Rosenberger responded April 3 to allegations made by a House of Representatives candidate against a current representative.
According to the Xenia Daily Gazette — like The Times-Gazette, an AIM Media Midwest publication — Jocelyn Smith, who is running against current District 73 Representative Rick Perales in the May primary, accused Perales of “kissing and choking” her in his vehicle in January 2015 as well fondling her. She also said he offered to exchange introducing a bill for a specialty license plate benefiting pancreatic cancer for sex. Smith has also said that the two were having a sexting relationship.
In the letter, Rosenberger told Smith — a Fairborn resident — that if the kissing, choking and fondling allegations are true that she should contact law enforcement officials as it does not fall under the Ohio House of Representatives purview, the Xenia paper reported.
However, Rosenberger said the legislation for sex accusation would “call into question both ethical and legal concerns.”
Rosenberger asked Smith for “information substantiating this allegation.”
“Representative Perales admitted to an inappropriate texting relationship,” said Brad Miller, spokesperson for Rosenberger. “We were all kind of surprised that (choking) had come forward, having not heard anything about that. We were interested in gathering some more information … not rushing to make any judgment. The speaker is very serious about this if there are allegations of (physical abuse).”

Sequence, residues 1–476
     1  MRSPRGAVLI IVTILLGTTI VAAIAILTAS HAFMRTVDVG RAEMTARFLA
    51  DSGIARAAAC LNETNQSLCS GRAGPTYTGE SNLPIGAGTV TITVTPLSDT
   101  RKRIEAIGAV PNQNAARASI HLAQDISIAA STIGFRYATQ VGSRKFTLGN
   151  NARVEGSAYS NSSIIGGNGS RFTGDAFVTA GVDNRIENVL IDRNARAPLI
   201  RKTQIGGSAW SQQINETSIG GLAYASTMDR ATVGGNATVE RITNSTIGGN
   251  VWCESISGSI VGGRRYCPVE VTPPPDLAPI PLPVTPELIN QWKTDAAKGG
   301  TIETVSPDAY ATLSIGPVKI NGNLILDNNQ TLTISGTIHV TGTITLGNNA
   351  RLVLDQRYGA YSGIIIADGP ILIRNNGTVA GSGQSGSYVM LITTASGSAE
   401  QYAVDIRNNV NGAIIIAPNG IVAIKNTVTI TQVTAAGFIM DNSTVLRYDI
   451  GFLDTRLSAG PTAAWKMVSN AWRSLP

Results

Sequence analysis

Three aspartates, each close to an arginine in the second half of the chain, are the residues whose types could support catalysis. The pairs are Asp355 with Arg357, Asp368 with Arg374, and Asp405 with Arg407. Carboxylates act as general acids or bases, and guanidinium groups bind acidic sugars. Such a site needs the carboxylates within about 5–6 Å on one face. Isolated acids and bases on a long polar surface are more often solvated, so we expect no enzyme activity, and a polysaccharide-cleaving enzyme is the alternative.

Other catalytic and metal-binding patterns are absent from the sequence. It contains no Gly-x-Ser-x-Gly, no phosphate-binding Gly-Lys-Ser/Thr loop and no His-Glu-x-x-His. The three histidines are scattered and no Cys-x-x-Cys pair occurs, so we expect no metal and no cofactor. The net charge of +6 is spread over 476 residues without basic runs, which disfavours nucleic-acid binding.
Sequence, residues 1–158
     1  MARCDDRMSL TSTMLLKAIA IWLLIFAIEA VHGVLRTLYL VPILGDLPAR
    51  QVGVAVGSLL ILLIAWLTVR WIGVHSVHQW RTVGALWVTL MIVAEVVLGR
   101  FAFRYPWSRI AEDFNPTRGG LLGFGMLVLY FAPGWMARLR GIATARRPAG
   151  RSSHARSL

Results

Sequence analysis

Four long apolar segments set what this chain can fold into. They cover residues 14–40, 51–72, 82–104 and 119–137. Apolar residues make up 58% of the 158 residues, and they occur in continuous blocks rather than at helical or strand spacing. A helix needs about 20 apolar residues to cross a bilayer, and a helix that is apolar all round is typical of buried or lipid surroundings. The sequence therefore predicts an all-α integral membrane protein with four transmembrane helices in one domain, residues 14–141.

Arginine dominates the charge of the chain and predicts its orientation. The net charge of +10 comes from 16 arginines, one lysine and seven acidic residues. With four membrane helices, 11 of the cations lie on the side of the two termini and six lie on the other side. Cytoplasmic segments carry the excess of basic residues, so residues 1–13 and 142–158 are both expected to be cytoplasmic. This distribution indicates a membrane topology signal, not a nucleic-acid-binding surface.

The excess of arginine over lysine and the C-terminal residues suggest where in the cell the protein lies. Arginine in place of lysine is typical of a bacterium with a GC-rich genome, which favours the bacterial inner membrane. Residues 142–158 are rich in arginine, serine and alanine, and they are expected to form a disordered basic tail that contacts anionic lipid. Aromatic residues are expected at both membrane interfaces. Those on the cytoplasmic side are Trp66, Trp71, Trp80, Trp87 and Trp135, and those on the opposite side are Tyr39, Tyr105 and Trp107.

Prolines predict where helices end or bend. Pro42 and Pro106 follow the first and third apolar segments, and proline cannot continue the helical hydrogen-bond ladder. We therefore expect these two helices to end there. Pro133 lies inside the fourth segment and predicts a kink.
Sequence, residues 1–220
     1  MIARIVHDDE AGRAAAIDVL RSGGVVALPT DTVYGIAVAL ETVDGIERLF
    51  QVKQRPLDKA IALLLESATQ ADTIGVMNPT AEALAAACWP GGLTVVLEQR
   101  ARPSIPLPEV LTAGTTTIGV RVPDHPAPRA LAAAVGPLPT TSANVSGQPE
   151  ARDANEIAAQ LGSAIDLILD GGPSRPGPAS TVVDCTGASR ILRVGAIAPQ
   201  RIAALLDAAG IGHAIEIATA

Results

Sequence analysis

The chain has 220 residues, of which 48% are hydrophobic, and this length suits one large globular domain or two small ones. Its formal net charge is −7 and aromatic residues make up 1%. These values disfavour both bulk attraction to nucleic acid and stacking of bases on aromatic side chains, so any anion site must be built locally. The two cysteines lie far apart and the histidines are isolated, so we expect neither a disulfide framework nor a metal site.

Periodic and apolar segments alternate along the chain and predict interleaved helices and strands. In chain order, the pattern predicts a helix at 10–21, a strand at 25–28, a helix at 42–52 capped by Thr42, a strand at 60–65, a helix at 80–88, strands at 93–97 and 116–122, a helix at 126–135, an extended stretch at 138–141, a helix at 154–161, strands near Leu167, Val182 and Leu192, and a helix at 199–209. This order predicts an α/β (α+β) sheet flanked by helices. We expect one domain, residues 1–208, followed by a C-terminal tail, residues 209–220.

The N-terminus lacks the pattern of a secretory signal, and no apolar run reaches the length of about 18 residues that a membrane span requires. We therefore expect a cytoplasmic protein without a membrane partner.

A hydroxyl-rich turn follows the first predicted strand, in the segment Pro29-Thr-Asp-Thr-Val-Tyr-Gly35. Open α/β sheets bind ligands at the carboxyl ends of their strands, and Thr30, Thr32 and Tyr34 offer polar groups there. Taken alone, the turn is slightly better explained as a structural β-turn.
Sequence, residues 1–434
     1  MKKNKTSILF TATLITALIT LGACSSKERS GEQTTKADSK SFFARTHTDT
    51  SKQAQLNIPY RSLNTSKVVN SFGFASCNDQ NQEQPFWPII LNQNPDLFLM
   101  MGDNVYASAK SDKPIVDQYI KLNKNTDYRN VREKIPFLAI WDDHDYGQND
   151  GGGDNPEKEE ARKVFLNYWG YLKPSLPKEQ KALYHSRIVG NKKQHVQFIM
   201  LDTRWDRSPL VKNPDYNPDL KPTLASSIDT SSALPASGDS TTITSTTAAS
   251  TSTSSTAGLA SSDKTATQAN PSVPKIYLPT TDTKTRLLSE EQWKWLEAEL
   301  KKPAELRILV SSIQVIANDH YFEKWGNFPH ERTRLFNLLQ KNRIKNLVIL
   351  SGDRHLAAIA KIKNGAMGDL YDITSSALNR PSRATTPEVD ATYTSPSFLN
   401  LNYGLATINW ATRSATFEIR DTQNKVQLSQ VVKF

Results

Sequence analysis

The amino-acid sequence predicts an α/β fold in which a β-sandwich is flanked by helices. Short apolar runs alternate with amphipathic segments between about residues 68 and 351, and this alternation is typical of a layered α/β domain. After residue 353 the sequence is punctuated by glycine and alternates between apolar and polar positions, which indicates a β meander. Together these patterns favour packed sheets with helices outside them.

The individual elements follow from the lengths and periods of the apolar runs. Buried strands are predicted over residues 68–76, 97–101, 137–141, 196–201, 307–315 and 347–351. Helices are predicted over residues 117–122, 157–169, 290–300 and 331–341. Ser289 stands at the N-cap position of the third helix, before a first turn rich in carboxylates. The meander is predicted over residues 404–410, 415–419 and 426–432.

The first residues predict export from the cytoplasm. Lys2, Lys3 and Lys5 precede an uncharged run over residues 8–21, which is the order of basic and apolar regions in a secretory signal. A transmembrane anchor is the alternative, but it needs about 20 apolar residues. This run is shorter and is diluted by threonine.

In a press release that included a copy of Rosenberger’s letter, Smith said she will do what the speaker said.
“I intend to follow the speaker’s recommendation in doing exactly that,” said Smith, pointing out that she will be speaking to local and state criminal authorities in the very near future.
Smith added that “While (Perales) had previously sought sex regularly from me, there was no single meeting in which he said ‘if you have sex with me, I will pass this bill,’ because by then I had cut all ties with him. However, based on his repeatedly expressed desires, there is absolutely no doubt if I’d slept with him, he would have enthusiastically promoted the legislation. Besides, why would someone refuse to return phone calls about a bill to help people with cancer? He may not be convicted in a court of law, but he deserves to be convicted in the hearts of Ohioans.”
Perales, through campaign manager Daniel Palmer, said Rosenberger’s letter didn’t contain any surprise information.
“Representative Perales has had a chance to look over the speaker’s letter,” Palmer said. “He believes that it’s the appropriate response that the speaker gave. There’s not really much else to it.”
Perales also denies all allegations.
“The representative has had a very consistent story from the beginning that there was no physical contact whatsoever,” Palmer said. “We as a campaign will not continue to be discussing these evolving allegations. It seems her story is not consistent.”